“Get-r-done!” There, we said it.
Shame, shame on the Hollywood marketing machine for duping viewers into thinking a subtle and carefully nuanced film like Larry the Cable Guy: Health Inspector is naught but a juvenile comedy. Rife with pathos and filmed with careful precision not seen since the glory days of Welles himself, Larry the Cable Guy: Health Inspector is in fact a dark, contemplative discourse on the current fragile state of this nation, and perhaps even the entire world. The truly great films of history are those which inspire change and spark political and social upheaval. Could Larry the Cable Guy: Health Inspector be such a film? It may be, my friends. It may be.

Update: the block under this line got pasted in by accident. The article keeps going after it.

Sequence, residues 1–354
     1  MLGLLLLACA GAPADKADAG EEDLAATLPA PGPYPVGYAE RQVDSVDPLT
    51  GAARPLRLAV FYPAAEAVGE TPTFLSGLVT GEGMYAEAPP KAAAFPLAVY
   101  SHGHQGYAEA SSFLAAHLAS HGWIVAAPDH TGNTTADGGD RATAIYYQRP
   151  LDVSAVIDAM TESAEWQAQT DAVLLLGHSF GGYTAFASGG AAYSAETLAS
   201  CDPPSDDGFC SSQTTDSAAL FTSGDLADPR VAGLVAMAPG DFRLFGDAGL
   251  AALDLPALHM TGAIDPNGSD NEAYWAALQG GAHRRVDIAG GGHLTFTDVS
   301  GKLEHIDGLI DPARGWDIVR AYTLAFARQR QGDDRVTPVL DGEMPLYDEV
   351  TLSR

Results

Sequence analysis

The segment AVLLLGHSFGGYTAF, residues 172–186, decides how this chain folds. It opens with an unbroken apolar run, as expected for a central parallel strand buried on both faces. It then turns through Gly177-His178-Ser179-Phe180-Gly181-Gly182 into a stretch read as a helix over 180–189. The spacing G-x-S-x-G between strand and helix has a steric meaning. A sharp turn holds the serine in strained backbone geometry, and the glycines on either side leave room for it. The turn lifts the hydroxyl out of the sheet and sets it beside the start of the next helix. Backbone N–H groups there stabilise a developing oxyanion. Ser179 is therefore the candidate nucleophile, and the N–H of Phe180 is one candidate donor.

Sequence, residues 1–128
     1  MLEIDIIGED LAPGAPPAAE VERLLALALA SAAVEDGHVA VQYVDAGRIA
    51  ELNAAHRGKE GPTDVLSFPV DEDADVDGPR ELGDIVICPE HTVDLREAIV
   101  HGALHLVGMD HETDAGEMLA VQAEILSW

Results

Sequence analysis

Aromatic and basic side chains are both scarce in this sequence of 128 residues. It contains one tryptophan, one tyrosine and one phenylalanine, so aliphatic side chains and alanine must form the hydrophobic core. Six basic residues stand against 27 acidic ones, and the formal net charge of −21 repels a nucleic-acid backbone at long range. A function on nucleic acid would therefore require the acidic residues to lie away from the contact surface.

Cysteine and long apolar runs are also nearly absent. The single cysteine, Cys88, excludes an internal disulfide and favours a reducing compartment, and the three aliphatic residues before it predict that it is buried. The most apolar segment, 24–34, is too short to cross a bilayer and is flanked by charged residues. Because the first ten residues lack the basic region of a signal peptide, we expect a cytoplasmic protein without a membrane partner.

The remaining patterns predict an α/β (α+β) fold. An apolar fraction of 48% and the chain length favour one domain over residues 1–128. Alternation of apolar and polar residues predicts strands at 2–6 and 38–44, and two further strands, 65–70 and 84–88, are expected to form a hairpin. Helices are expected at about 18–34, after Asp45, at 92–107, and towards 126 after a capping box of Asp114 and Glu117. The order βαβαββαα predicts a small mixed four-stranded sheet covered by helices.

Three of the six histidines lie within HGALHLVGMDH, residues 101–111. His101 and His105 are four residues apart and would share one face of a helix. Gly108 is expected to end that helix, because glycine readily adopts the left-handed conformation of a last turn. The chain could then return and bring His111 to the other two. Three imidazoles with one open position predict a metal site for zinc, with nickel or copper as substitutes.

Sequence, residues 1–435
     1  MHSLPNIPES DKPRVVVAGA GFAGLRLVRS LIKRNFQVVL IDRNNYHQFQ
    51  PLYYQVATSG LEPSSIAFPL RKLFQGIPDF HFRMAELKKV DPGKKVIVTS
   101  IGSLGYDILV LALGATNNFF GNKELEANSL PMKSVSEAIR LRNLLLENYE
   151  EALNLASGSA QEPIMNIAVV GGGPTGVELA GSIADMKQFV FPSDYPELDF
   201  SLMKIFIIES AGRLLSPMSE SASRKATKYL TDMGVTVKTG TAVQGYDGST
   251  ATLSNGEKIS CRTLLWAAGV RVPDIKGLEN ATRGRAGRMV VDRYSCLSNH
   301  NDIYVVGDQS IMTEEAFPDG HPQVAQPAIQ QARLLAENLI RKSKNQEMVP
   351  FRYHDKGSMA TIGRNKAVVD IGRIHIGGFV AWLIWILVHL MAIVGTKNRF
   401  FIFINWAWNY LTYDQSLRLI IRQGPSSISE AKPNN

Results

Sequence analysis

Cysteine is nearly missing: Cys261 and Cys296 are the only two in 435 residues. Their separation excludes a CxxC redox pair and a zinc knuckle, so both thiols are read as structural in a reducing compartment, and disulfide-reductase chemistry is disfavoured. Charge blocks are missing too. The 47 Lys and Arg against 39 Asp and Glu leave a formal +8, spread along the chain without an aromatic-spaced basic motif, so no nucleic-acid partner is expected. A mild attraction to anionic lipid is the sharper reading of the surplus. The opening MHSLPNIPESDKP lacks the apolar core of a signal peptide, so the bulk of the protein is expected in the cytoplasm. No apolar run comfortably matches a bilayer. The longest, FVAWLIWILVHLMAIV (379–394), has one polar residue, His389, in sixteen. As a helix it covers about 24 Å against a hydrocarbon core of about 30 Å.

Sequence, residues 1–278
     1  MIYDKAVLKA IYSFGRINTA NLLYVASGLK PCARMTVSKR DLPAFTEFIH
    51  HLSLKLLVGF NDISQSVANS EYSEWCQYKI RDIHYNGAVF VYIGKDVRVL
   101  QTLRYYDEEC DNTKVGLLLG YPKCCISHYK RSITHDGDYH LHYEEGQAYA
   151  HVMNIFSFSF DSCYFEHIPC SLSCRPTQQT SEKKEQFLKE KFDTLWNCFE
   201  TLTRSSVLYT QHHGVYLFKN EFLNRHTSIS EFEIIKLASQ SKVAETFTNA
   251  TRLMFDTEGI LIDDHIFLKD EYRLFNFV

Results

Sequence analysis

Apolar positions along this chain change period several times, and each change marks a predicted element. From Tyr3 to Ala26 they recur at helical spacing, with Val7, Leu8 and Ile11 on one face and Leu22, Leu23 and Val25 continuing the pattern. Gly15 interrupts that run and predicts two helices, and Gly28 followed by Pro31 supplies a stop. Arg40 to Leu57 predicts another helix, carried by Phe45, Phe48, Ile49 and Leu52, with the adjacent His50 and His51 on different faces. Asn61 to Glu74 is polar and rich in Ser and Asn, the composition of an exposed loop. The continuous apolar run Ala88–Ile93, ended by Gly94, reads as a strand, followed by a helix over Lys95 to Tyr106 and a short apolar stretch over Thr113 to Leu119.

The very first shot of the film is one that is sure to spark the kindling of intellectualism in even the dourest among you. It’s the butt crack of the film’s protagonist, Larry (Larry the Cable Guy, Cars), rising over the back of his jeans. In a lesser motion picture, this might be just a butt crack. But in a film as symbolically powerful as Larry the Cable Guy: Health Inspector, this butt crack is instead an image of a nation divided. Larry’s left butt cheek, which is immobile and appears hard as granite, represents the conservatives, holding fast to the traditions of society, opposing radical overnight reforms in favor of gradual process-based change. Larry’s right butt cheek, meanwhile, appears just slightly more gelatinous, and seems to pull away ever so slightly from its counterpart. The way it jiggles ever so slightly as Larry sits down reveals how Larry’s right butt cheek represents the liberal point of view, broadly encompassing a variety of political ideologies, while continually fighting for individual rights over the rights of the majority. Thus, the conflict between Larry’s butt cheeks, divided as they are by a shadowy, mysterious crevasse, represents conflicting philosophies on the measure of individual liberties, personal dignity, free expression, religious tolerance, private property, universal human rights, transparency of government, limitations on government power, popular sovereignty, national self-determination, privacy, enlightened and rational policy, the rule of law, fundamental equality, a free market economy, and free trade.